Let me put it like this, some eighteen years ago, Eileen’s mother, Mme Gu, and her foreign father set up a Sino-American joint venture and, following a nine month gestation, they successfully launched a product called ‘Eileen Gu’. After eighteen years of dedication, energy and training this product now generates 200 million RMB annually. There’s no doubt that Eileen Gu has proved to be a good investment.
But we’re not interested in Eileen Gu per se. What I really care about is the kind of influence that she has on Chinese society
, in particular the kind of profound anxiety that she is causing among all the ‘Chaoyang Mothers’ over in Haidian District in Beijing [‘Mother of Chaoyang’ is a reference to an ambitious fictional character and it is a term that overlaps with ‘Chaoyang Masses’, a term denoting citizen vigilantes]. In the face of Eileen Gu’s success all the Tiger Moms and Wolf Dads of Chaoyang who have devoted themselves to their ‘chicken blood kiddies’ [that is children weaned on chicken blood, which is believed to make people strong] are going crazy. How can they possibly compete?
Eileen Gu was born both Chinese and American, enjoying the advantages of superior Caucasian genes to which has been added intensive Chinese-style training and the nurturing educational environment of the United States. Moreover, she’s travelled the world: her innate talent has blossomed because of all of the benefits that only money and opportunity can provide.
So how do you think all those Haidian Moms are going to react? All they can bring to the table is Hengshui Number Two Middle School; they’re simply not in the running. Of course, any young person can give up and declare ‘I’m sitting this one out’ [我躺平了], but for the parents it’s a completely different story. What parent doesn’t hope that their little darlings will grow up and become a Dragon or a Phoenix? ….
Recently the authorities have forcibly removed all of those online videos that instruct parents on how to train their children to be more competitive. Meanwhile, you have Eileen Gu’s mother in her sports car speeding on ahead like greased lightning while the Haidian Mothers vainly try to catch up furiously pedalling on their tricycles. However, the government has in effect punctured their tires and that the reality that Chinese mothers face today … .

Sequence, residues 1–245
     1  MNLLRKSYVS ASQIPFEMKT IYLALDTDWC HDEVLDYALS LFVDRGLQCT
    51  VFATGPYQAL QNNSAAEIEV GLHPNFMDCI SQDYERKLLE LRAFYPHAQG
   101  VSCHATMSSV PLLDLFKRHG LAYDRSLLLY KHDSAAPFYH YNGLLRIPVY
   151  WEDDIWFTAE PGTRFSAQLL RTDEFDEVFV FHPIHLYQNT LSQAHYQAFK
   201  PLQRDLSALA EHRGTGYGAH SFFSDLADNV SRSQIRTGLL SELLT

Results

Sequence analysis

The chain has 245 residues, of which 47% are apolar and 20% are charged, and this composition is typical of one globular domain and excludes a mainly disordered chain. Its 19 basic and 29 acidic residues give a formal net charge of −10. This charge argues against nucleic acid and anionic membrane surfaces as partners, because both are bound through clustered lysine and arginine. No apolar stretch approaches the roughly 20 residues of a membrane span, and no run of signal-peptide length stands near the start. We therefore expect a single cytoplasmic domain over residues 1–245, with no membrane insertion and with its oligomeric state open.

Aiya! Eileen Gu has already gone back to America; who cares whether the closing ceremony of the Winter Olympics had been held or not? She’s got places to go, people to see. See, the pride of China doesn’t want to spend one more second here than she has to. You gotta laugh: that’s why people have been joking that Eileen Gu only came over here so she could ‘harvest garlic chives’ [that is, make money out of the clueless masses]. But you really shouldn’t say that: business is all about enjoying a level playing field. People want to buy, others want to sell, and around and around it goes. But is this really what they mean by a level playing field? Is this particular designer item really worth the cost? The garlic chives [the masses] have a yearning; it boosts national pride and goes some way to filling up the gaping void in their hearts.
So Eileen Gu fulfills a need, she satisfies a hankering for self-worth and that’s the tradeoff we’re talking about.
You see, some people really just want to eat shit, and Eileen Gu has responded to that need by crouching down for them. It’s a done deal; everyone gets what they want!
— trans. G.R. Barmé
Eileen Gu, Hu Xijin & Political Strong-men
The Chained Woman of Feng County, Xuzhou
Dr Li Wenliang & Chinese History